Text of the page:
RedMart’s journey has been one that is evolutionary rather than revolutionary. In few previous occasions, we’ve shared how our infrastructure stack evolved as we scaled up the engineering team and become one of the region’s most recognized online grocery retailers and logistic partners.
The decision to break away from single monolithic into micro-service architecture was initiated in 2013. By 2014, development of micro-services were in high gear. Fast forward three years, more than 95% of our current traffic is being served by over 65 micro-services. (We are still waiting for the day when we can say we are 100% on micro-service but that day is not too far away)
Micro-service architecture is great but it comes with its own set of challenges. First,priority was on the provisioning of test environment. Without proper test environment, micro-service could end up creating more bad than good. The room for autonomy across teams will be limited. Higher productivity and development speed would be nothing but elusive promises. (If you are interested to find out about our micro-service test architecture, you can watch it here)
There are of course numerous challenges we need to address as the team continued to scale and core business grew. But always high on our priority list was a centralized logging system.
With micro-service architecture, a single end-to-end customer transaction is likely to touch on multiple services. The task of carrying out occasional Root-cause-analysis (RCA) is made more difficult by the fact that a service is now horizontally scaled and load balanced across multiple hosts.
The horizontal scaling elasticity differs among services. Services that get hit more frequently will be scaled more than those that get hit less. But as a general principle, every service in our production environment will be deployed on at least 2 hosts (in two AWS avaliablity zones).
How much complexity does it involve now compares to back in the days when we had a single monolithic API? You get the idea.
In setting up any centralized logging system, the questions that came up are always:
1 Free vs Paid - The answer to this question depends on the in-house engineering resource you have. Setting up the ELK (Elasticsearch, Logstash and Kibana) stack is trivial. Scaling it up to be production-ready is not! Our success did not happen on the first attempt but I’ll get more into that.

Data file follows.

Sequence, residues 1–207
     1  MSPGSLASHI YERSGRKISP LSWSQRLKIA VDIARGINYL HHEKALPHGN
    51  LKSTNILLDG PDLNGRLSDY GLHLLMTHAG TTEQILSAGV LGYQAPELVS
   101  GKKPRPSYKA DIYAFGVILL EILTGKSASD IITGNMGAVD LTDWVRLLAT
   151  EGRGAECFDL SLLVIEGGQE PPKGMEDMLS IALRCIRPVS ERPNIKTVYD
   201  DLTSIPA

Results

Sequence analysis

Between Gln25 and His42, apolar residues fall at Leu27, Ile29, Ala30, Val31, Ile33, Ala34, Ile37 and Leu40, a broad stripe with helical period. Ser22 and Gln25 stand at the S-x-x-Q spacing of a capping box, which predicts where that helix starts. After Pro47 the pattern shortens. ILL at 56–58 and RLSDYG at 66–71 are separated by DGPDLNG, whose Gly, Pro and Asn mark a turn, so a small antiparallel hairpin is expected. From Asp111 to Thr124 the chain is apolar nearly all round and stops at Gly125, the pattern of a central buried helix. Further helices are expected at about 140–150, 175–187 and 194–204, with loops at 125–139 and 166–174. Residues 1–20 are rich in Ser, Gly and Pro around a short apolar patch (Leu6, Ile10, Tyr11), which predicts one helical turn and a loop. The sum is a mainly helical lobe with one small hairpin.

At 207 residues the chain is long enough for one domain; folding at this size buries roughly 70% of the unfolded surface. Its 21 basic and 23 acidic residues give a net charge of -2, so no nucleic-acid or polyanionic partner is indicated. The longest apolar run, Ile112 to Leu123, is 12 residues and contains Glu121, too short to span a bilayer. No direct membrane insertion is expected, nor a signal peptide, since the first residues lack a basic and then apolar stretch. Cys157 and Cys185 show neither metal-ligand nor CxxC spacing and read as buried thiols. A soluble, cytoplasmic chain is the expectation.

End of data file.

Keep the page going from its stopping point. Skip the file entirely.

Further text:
2 The Stack - Splunk vs ELK. There are plenty of discussions on which makes the better technology choice. We do not intend to start another such discussion but it is the first decision you have to make before you start building your centralized logging system.
Never Never Give Up!
Our first ELK setup attempt did not end well. It is really easy to bring up the entire ELK stack. I’ve heard some are able to do it within minutes while others may take longer, depending on one’s technical background.
The simplicity of starting an ELK stack is what led most people (and we are not excluded) to assume the absence of challenge in setting up production-ready cluster.
In our first attempt, we ran into issue with the logstash shipper (a.k.a Filebeat now). Back then, we were using the Java-based shipper where it ended up taking too much resources to be run on the same machine where a micro-service was running.
As RedMartian, we ‘Never Never Give Up!’. It is what keeps us going in the face of setbacks such as this. Today, that setback looks like a minor speed bump and we’re happy to share details of our ELK production stack.
Our ELK Architecture
The renewed effort to bring up our own ELK stack started in late 2015. Back then, Filebeat was newly released and it was in beta. We assessed it was probably pre-mature to jump into it and decided to go with the Go-based logstash-forwarder.
Following our usual development / production pipeline, we started setting up the ELK cluster in our alpha environment (we have 3 environments in total - feature, alpha and production). From our initial research, we found the architecture recommended by most (including guys from Elasticsearch) would be to have an additional layer (a.k.a. broker) in between the logstash shipper and the logstash server. Redis is what is commonly used while more recently, I’m seeing more popular use of AWS Kinesis for this purpose.
Figure 1. Textbook-recommended ELK Setup
We had considered starting with this textbook recommended approach but decided to pursue a different path. We decided to do away with the broker layer for a start while keeping the option open should all options failed.